Los Angeles provides a rich space for exploring these stories. The period between the 1965 and 1992 rebellions reveal the deep connections between intense poverty and unemployment in the urban core, and the growth of high-technology, defense-fueled industry in the surrounding hinterland. My project places welfare in this violent terrain, outlining the political and economic conditions that concentrated hundreds of millions of dollars and decades of labor in “more advanced” welfare computing systems, while continually cutting investments in both caseworkers and recipients.2 Throughout the summer I will continue work on a map of the demographics of welfare, poverty, and race in L.A. during this period, highlighting the effects of the 1971 Welfare Reform Act on the people of Los Angeles in preparation for a presentation at the 2019 American Studies Association conference.
Perhaps my Intensive did not go as planned, but, I owe my newfound clarity to my experiences in the AADHum Scholars program.
1 Jennifer S. Light, From Warfare to Welfare: Defense Intellectuals and Urban Problems in Cold War America (Baltimore: Johns Hopkins University Press, 2003), 50–51.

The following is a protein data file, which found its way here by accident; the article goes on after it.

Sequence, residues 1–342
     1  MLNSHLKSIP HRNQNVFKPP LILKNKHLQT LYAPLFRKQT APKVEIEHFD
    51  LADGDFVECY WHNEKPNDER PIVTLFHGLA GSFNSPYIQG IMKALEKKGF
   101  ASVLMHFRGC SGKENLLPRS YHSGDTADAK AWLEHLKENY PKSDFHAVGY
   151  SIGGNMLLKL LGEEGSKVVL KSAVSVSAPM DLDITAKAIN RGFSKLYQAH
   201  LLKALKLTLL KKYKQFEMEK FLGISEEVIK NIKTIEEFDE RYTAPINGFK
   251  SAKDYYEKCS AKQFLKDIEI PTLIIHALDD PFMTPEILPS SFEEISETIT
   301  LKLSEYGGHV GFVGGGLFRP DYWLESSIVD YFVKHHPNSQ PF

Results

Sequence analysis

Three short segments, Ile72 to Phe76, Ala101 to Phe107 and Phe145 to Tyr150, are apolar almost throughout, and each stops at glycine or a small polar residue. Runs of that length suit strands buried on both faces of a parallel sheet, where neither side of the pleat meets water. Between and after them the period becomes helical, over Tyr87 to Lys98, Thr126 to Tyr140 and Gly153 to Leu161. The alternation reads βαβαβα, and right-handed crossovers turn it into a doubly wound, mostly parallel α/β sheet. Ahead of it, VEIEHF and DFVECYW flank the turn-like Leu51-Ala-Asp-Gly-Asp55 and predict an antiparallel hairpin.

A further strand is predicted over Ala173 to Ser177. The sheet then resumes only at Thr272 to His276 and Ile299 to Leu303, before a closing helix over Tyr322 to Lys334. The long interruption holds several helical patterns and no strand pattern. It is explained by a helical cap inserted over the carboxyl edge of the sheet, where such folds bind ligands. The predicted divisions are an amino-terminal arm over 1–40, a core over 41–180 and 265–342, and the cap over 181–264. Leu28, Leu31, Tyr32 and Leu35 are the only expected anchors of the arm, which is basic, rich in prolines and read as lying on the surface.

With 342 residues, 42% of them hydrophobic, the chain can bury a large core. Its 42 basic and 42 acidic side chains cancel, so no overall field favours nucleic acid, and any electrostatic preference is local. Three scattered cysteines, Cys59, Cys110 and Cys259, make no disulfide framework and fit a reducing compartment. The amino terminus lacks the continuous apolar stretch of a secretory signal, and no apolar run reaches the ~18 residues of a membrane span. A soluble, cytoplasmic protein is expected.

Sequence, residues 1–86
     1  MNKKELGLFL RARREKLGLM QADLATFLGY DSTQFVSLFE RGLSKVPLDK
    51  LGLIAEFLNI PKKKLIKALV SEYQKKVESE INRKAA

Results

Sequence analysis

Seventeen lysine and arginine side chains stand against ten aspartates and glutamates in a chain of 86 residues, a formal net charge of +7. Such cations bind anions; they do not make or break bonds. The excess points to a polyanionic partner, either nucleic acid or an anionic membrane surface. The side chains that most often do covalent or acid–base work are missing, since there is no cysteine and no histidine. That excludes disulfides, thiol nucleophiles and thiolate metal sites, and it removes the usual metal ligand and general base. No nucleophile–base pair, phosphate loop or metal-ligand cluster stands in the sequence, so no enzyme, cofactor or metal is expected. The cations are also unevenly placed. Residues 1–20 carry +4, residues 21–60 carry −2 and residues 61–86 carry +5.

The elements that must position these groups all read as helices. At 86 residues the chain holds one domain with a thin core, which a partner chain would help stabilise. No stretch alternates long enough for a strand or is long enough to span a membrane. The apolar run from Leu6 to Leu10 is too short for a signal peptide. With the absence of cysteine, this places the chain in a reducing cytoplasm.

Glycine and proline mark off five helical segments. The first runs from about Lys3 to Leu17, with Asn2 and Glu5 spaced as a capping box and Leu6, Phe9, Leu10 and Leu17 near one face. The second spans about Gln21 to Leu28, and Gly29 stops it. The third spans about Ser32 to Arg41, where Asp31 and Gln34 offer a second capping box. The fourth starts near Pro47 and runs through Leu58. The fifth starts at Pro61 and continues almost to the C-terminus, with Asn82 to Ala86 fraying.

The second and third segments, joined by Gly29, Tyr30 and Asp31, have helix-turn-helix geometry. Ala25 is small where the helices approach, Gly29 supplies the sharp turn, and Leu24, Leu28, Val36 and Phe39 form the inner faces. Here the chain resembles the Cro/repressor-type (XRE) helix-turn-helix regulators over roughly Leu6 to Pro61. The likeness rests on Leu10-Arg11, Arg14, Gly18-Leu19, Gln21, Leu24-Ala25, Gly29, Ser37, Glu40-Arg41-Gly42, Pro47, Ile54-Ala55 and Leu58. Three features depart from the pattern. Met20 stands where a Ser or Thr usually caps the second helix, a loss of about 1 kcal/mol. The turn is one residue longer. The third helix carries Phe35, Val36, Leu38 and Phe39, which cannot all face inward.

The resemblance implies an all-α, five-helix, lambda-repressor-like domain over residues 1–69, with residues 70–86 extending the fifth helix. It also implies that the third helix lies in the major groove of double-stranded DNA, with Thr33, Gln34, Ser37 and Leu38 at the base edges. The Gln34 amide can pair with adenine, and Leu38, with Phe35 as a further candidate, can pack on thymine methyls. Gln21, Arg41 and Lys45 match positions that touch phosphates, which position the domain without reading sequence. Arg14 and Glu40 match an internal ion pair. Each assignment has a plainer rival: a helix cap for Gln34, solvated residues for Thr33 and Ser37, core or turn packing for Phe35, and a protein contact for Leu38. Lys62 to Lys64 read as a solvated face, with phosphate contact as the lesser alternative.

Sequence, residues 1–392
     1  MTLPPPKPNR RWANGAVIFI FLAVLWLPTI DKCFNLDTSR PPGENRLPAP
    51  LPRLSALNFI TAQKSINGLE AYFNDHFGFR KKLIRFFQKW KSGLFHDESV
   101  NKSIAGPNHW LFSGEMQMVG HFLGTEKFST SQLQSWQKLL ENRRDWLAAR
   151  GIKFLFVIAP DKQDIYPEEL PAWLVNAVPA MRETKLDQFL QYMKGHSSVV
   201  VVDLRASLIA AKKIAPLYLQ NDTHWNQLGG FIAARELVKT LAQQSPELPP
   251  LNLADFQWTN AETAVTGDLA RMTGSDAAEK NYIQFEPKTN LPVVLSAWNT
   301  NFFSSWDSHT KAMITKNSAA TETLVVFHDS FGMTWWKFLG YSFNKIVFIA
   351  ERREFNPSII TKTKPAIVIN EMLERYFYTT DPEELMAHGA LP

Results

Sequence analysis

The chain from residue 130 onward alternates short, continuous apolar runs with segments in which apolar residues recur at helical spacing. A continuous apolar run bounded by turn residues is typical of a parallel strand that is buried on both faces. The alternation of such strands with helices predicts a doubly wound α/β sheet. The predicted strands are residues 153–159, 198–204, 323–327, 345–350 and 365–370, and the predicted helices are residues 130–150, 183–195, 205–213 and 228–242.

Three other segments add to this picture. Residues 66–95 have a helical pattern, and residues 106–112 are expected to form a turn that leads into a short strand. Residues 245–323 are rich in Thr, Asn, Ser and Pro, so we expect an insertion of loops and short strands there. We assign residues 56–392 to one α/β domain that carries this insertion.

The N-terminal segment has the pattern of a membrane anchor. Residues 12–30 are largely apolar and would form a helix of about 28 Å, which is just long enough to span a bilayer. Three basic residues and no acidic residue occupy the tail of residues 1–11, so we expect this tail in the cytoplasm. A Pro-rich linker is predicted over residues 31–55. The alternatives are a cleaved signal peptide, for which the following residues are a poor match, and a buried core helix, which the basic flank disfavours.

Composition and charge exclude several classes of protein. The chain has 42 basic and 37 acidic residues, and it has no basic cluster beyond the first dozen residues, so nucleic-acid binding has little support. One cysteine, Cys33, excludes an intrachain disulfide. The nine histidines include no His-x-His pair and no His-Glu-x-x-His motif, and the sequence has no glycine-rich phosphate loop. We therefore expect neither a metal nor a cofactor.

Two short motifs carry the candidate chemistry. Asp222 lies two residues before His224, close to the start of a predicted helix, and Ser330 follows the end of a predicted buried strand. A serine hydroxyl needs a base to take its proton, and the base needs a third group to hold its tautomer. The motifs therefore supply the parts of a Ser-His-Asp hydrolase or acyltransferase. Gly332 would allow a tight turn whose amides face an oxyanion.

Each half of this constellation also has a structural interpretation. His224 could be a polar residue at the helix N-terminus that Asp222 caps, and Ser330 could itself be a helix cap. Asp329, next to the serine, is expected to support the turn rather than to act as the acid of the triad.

2 Tod Newcombe, “Prodigal System: California’s SAWS,” Government Technology, accessed December 5, 2018, http://www.govtech.com/magazines/gt/Prodigal-System-Californias-SAWS.html; Hector Tobar, “Sickout at Welfare Offices Creates Chaos on ‘Check Day,’” Los Angeles Times, October 8, 1991, http://articles.latimes.com/1991-10-08/local/me-338_1_welfare-check; Josh Meyer and Douglas P. Shuit, “Angry County Workers Rally : Protest: Police Arrest 20 People during Noisy Demonstration. Union Members and Leaders Warn Supervisors of ‘massive Resistance’ to Any Layoffs.,” Los Angeles Times, July 7, 1995, http://articles.latimes.com/1995-07-07/local/me-21092_1_union-members; Josh Meyer, “County Employees Stop Work to Protest Cutbacks : Budget: Some Workers Call in Sick or Walk off Jobs to Fight Efforts to Cut as Many as 18,255 Positions and Slash Services.,” Los Angeles Times, July 12, 1995, http://articles.latimes.com/1995-07-12/local/me-23029_1_county-workers.
About the Author
Victor Bramble is a 2019 AADHum Scholar and a Ph.D. student in the Department of American Studies at the University of Maryland, College Park.